Woman Survives 10,000m Freefall, 1972

Find out how one woman survived a 10,000 metre freefall when her plane was blown out of the sky by terrorists.

It was 2:30pm on the 26 of January, 1972 and Serbian flight attendant Vesna Vulovic was at Copenhagen Airport waiting to board a DC 9 aircraft of JAT Flight 367

I saw all the passengers and crew deplane.” She remembered “One man seemed terribly annoyed. It was not only me that noticed him either. I think that was the man who put the bomb in the baggage.”

Airborne ninety minutes later Vesna’s life would be turned upside down and she’d enter the record books in the process.

Vesna was in the back of the aircraft with a food cart when the aforementioned bomb, planted by Croatian Nationalists, went off. It tore through the luggage compartment 10,000m (33,000ft) mid-air, ripping away the tail section. Sadly, the other 27 passengers and crew perished as the plane disintegrated.

Surely the massive plunge to earth was a fatal one, yet Vesna’s fate wasn’t for her to join her late colleagues. Vesna was incredibly fortunate in that, whereas the others on the plane were sucked out of the fuselage, she was pinned inside the tail by the heavy food cart.

The tailpiece plummeted to earth and landed at an angle in a heavily wooded and snow-covered mountainside in Czechoslovakia, which cushioned the impact. Vulović’s physicians later concluded that her history of low blood pressure caused her to pass out quickly after the cabin depressurised and kept her heart from bursting on impact.

Vesna probably didn’t feel incredibly fortunate when she regained consciousness; she had sustained two broken legs, three broken vertebrae, a fractured pelvis, broken ribs, and a fractured skull. She couldn’t recall the event at all but eventually went on to make a good recovery. Vesna’s 10,000m free-fall without a parachute is a world record.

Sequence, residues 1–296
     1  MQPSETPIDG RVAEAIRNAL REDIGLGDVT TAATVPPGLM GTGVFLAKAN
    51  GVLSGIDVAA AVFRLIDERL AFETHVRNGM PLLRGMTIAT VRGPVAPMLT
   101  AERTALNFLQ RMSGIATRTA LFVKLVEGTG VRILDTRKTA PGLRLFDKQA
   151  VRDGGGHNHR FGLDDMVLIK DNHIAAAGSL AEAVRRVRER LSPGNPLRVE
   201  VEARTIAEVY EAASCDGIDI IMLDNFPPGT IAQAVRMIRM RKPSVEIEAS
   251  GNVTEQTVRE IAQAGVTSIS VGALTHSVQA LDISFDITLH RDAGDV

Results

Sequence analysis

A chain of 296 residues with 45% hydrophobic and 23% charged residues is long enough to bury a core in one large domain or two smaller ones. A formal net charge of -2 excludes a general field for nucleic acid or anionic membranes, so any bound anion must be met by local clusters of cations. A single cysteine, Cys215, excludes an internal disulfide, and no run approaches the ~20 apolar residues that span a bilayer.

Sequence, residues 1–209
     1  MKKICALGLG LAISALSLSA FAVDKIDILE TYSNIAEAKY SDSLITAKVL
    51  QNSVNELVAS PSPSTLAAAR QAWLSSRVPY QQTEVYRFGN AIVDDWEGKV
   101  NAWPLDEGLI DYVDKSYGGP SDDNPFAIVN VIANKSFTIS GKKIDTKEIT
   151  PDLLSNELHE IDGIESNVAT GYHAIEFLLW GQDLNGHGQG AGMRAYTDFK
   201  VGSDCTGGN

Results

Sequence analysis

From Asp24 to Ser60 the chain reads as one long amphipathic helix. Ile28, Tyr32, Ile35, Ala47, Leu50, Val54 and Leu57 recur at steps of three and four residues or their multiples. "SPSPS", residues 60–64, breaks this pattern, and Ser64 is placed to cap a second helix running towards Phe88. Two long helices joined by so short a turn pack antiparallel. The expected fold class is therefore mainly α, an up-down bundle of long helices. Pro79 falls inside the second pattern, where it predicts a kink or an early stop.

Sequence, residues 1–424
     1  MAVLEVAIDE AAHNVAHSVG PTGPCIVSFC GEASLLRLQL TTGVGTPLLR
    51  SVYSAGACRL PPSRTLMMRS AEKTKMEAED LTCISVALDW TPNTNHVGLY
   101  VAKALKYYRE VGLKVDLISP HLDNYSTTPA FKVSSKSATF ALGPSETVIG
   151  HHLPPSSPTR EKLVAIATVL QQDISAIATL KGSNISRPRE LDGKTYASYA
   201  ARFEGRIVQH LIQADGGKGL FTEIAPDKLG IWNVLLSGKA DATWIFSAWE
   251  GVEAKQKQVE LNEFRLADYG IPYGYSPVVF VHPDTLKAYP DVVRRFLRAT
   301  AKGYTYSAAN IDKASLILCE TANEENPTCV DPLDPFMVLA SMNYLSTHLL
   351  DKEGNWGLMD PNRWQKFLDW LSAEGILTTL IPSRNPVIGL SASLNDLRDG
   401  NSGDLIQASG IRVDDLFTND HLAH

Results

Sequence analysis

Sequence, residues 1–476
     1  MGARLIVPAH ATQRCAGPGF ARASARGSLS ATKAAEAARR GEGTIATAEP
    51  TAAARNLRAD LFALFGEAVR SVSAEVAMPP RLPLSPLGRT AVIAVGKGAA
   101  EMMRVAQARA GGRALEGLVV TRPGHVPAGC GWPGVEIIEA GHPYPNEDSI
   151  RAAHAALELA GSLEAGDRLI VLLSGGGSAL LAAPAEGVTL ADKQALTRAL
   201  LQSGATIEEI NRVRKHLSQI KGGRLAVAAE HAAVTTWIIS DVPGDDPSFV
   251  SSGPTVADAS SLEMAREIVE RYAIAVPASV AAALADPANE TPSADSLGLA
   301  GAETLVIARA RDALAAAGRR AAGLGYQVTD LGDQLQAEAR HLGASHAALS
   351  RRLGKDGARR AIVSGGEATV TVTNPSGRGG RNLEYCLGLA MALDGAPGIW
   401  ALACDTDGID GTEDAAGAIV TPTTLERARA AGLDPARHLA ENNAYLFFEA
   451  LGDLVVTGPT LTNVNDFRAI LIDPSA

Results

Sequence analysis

Image showing how Flight 367 plunged to earth in Czechoslovakia (twitter.com)

Gigantic Popsicle Floods Manhattan Square, 2005

Who’ve guessed Snapple’s attempt to erect the world’s largest popsicle in the world would result in Manhattan’s denizens fleeing the streets to save their footwear from getting gunged? Read on to find out what occurred.

It was the height of a June Summer in the heart of Downtown Manhattan, New York where the possibly underemployed directors of Snapple, a soft drink manufacturer, made a brave but foolhardy attempt to surpass a Guinness record for ‘World’s Largest Popsicle’.

Snapple mixed and froze a gargantuan icy doppelganger of its new kiwi-strawberry ‘Snapple on Ice’ then the frozen treat was hauled by freezer truck from Edison, N.J to the Big Apple.

Crowds thronged Union Square with the hustle and bustle of city life around them and enjoyed the shade its trees offered from the sweltering sunshine of June the 20th.

The popsicle had arrived; this monolith of sweet, sticky ice 7.7m (25ft) high and weighing in at 17.5 tonnes was being raised by a crane to be stood upright, and with much fanfare.

The sweet celebration turned sickly, however, as it started to melt before it was even fully erect. Gallons of pink goo began to slosh down nearby streets and anyone who treasured their footwear fled the square. Cyclists and automobiles slipped in the ooze as fire trucks converged and the police closed off streets to contain the publicity stunt gone wrong.

The spectacle ended in farce when Snapple officials abandoned the Snapple-raising at a crowd-disappointing 25-degree angle, failing the record-breaking attempt in the process. The mushy giant block was then trucked away before it could do more damage and a television-sized ice sculpture in the shape of the Snapple logo took its place.

17.5 tonnes of popsicle flooded Downtown Manhattan in the Summer of 2005 (nbcnews.com)

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